We use it to cook.
We use it for its antioxidants and overall health benefits.
And it’s used regularly for making soap.
In the realm of organic and natural, there are always products that possess a higher risk in quality.
When it comes to olive oil, consumers risk sacrificing authenticity.
The olive oil industry has a past worth investigating and a price tag worth over $1.5 billion.
How Much Isn’t As Advertised?
It’s been discovered that nearly 70% of EVOO sold in the world lacks authenticity. It’s either cut with cheaper carrier oils or it’s imported and relabeled. Spanish extra-virgin olive oil is often passed off as Italian. This is done simply by putting a new label on the bottle.
An operation in Italy and Germany confiscated 150,000 liters of low-quality oils, resulting in 20 arrests. Low-quality oil is consistently being passed off as “fine Italian oil.” The fake olive oil industry a booming business for scammers.
It is believed scammers in Italy and Germany profited by as much as $9 million.
Italian Police conducted a mass operation and arrested 23 people. They confiscated 85 farms during the raid. In this case, low-quality oil was being passed off as “fine Italian oil,” making the fake olive oil industry a booming business for scammers.
The Problem Is American, Too
The U.S. isn’t immune to this fraudulent activity. In 2007, storage units in New York were busted for holding counterfeit olive oil. The facility held 10,000 cases of what appeared to be extra-virgin olive oil. In reality, the bottles contained mostly soybean oil.
According to the University of California Davis, two-thirds of the EVOO found in CA grocery stores are not what they claim to be.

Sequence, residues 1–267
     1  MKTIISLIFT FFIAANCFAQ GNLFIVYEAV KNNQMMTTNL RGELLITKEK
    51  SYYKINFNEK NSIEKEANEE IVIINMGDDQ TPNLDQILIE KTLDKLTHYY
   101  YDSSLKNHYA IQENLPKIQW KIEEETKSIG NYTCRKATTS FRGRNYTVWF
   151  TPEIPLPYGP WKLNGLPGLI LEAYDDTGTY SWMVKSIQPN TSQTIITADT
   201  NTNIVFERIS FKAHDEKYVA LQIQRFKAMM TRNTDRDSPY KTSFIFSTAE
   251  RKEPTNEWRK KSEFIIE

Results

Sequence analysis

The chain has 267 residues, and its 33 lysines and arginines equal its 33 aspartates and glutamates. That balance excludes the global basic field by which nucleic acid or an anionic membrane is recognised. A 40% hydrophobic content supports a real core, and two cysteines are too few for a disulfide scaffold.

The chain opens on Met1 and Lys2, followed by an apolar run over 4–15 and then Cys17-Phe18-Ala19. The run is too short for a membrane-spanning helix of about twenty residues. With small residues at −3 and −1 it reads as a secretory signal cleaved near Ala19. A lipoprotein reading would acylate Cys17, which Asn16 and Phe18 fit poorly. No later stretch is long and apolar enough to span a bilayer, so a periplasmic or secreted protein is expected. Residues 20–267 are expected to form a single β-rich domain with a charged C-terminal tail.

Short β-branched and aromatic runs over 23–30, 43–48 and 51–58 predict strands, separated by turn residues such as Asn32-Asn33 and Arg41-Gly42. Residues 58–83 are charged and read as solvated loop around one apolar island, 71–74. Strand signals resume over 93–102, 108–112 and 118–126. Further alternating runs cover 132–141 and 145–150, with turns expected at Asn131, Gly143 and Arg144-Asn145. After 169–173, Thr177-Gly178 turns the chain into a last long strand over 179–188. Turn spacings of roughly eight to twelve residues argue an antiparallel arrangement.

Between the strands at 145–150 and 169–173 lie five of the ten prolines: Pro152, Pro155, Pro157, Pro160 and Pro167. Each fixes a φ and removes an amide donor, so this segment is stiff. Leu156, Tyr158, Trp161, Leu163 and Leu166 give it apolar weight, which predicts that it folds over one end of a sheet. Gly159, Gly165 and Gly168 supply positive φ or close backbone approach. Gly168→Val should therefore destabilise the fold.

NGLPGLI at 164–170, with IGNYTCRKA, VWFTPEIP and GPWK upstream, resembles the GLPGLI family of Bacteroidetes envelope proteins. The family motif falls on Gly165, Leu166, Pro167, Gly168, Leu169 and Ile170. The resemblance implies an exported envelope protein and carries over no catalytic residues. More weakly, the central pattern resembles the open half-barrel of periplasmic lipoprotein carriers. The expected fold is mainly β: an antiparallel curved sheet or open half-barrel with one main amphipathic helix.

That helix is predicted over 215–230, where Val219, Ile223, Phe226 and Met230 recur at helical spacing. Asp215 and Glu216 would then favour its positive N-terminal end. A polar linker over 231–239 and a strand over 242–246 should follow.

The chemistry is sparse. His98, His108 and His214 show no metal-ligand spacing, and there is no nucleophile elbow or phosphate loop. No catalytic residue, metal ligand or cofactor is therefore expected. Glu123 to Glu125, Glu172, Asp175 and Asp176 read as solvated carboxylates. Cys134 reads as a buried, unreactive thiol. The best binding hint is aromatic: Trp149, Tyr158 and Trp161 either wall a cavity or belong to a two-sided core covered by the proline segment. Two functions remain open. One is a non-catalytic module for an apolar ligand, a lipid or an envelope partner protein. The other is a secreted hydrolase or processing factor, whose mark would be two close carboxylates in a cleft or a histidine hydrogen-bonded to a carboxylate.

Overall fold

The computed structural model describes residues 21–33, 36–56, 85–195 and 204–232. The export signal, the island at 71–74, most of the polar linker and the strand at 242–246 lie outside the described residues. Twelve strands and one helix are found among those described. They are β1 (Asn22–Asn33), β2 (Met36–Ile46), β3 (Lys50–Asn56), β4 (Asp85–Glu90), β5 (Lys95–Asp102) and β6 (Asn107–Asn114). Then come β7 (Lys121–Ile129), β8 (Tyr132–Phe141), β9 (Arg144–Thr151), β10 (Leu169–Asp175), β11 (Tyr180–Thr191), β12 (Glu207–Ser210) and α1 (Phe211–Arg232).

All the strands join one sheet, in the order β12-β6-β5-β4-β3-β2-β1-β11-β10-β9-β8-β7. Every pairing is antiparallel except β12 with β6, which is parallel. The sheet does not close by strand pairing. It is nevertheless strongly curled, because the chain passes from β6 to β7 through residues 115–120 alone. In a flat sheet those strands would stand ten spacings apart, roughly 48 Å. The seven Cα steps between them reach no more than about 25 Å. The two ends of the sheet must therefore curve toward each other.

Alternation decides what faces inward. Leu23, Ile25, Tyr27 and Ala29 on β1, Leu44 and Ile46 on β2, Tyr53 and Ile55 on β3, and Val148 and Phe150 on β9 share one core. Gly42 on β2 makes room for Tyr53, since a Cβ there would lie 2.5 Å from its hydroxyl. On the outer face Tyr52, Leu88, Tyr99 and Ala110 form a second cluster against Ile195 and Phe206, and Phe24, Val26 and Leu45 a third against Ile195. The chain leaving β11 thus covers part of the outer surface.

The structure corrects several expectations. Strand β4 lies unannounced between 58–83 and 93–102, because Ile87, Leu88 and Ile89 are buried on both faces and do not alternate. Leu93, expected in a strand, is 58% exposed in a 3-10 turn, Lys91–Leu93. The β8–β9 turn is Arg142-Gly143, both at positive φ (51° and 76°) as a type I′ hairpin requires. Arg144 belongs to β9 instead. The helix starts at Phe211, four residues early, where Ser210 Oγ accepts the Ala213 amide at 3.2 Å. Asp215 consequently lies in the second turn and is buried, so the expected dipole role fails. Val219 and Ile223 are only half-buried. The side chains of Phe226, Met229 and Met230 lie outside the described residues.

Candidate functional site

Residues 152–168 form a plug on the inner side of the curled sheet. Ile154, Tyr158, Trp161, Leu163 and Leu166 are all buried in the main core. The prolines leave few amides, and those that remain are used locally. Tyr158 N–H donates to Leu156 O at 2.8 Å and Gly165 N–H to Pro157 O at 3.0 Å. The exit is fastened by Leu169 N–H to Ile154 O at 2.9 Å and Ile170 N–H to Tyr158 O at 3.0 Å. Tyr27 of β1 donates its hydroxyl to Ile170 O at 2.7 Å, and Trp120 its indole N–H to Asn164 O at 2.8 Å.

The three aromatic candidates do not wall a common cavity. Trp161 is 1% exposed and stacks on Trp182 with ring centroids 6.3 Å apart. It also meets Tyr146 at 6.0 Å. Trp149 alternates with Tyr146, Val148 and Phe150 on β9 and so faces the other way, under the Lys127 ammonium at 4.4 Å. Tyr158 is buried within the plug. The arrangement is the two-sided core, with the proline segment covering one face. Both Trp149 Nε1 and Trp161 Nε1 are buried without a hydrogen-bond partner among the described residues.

Tips to Avoid Olive Oil Fraud in Soapmaking
Obviously, olive oil isn’t the most trustworthy of products. So, how do we determine what’s real and what’s fake?
There are a few ways to test whether or not the olive oil you purchased stands up to its claims of authenticity:
- First off, despite popular belief, color isn’t actually an indicative property for determining quality. A factor you should take into consideration, however, is the packaging.
- The best oils are contained in darker glass bottles, which prevents the oil from going rancid from sun exposure.
- Pay attention to the labels on the bottle. Ensure that there is an expiration date visible somewhere on the bottle.
- Watch out for phrases like “packed in Italy” or “bottled in Italy.”
An Olive Oil Workaround
Luckily, you don’t have to use olive oil to make soap. If taking these precautionary measures seems frustrating, sunflower and safflower oils are excellent alternatives!
Olive oil produces good quality soap because it contains 80-82% oleic fatty acid. This contributes to the moisturizing ability of the lather. But, both sunflower and safflower oils contain 81-85% oleic fatty acid!
From a soap-making perspective, there is no functional difference substituting sunflower and safflower for olive oil.
In fact, we don’t use olive oil to make our products at Botanie. For us, it’s a matter of chemistry, quality, and price. The final, high-quality soap product is unchanged and there’s much less concern in regards to authenticity!